I love a good viral video like the next gal, but last week, I instantaneously regretted clicking the “play” button on “Remember me… Mom wants son to call from college” uploaded by Ann Pinto McCarney (currently near 750,000 views).
“Hi, Liam. Remember me? I’m your mommy. I gave birth to you,” McCarney starts. ”Well, actually, I didn’t quite give birth. I had to have a C-section to get you out. A big scar and it hurt like hell, but that’s OK. Do you remember that it was me that gave you life?”
OY. I hear the woman — I pushed two watermelons out of a veritable garden house myself — but after five seconds of viewing I already felt guilty for not calling her.
And I’m not even Liam.
Gotta give McCarney props for her production choices. The camera is angled up at her, catching the side of a refrigerator and a cabinet — big clues she shot the video in the kitchen, which is the ultimate nurturing Mama’s home base. There’s a harsh reality quality in the clip, thanks to bright daylight (a late-night loving college student’s nemesis) and McCarney’s near constant mocking facial expressions.
Lest Liam forget whom the lady in the video is, McCarney continued: “Let me joggle your memory a little bit. Remember those first two years of your life, there was this woman and you were always on her hip, you, like, never wanted to get put down. Do you remember that? I’m that woman!” she said. “I was the person who always had you on my hip.”
This gave me an instantaneous sympathy pain in my left hip, and also made me start worrying that I was both too much like McCarney and also not enough like her.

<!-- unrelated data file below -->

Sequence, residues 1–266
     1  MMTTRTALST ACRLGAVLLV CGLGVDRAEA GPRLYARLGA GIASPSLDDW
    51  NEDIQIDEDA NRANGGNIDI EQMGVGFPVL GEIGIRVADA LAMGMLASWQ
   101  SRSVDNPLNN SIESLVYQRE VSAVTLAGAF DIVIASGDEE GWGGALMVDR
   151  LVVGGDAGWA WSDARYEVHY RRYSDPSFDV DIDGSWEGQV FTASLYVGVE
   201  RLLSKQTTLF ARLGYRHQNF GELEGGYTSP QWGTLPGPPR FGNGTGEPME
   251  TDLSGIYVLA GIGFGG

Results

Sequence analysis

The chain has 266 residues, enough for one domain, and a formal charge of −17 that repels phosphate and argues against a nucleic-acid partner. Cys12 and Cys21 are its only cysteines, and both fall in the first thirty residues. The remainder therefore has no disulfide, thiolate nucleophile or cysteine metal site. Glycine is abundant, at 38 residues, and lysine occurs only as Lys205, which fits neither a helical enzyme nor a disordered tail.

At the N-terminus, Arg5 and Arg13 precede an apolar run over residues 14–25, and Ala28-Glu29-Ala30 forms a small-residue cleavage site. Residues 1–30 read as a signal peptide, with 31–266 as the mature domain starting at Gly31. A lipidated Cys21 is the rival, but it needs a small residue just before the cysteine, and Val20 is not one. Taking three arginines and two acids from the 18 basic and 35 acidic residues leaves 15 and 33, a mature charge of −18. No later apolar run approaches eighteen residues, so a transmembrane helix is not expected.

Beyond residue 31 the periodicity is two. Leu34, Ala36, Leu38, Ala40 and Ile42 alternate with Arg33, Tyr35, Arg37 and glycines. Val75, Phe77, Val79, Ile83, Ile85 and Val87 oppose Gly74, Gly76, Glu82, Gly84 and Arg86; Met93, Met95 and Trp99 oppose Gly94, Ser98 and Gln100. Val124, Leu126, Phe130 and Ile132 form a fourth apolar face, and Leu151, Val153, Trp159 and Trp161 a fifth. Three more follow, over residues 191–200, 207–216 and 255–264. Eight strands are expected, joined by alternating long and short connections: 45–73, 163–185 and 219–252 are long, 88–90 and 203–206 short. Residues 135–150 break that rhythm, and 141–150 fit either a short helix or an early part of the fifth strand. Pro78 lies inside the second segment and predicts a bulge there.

As a daughter and a mom, I was terrified, but for two different reasons:
– The daughter in me has had “call your mother” ingrained in her since… forever.
– The mom in me is now worried I haven’t instilled enough “call your mother” in my own children — despite the fact that I insist they text me when they leave our home and when they arrive at their destination… and I’m the mom of two teens that go out quite a bit lately.
A one-word text (“here” or “home”) feels like a fair price to pay for newfound freedom, but what do I know?
See how I did that? It’s so easy to turn to rev up the guilt engines when you’re driven by the joy of worry.
As I continued to watch McCarney’s video, which goes on for nearly five minutes, I couldn’t help but cringe — especially as she went into a sarcastic description of how to use a cell phone:
“Basically, what you want to do is you want to grab the phone — you know, the one that mommy and daddy bought you — and unlock the phone. I know that you know what that pass code is because I know someone texts his girlfriend every day, doesn’t he?” she said with a condescending smile and a little all-knowing wink.
“So unlock your phone and at the bottom you’re going to see four little icons … a handset, I don’t know what they were call, but we used to use them when we were younger in the generation that respected their parents. So you want to use that little icon, push the button, it brings up a little note pad and I know that I know my phone number because I pounded that into your head because I was always so worried about you getting lost or stolen.”
UGH – this was some next level guilt technique that made me slide over from the Team Mom to Team Liam.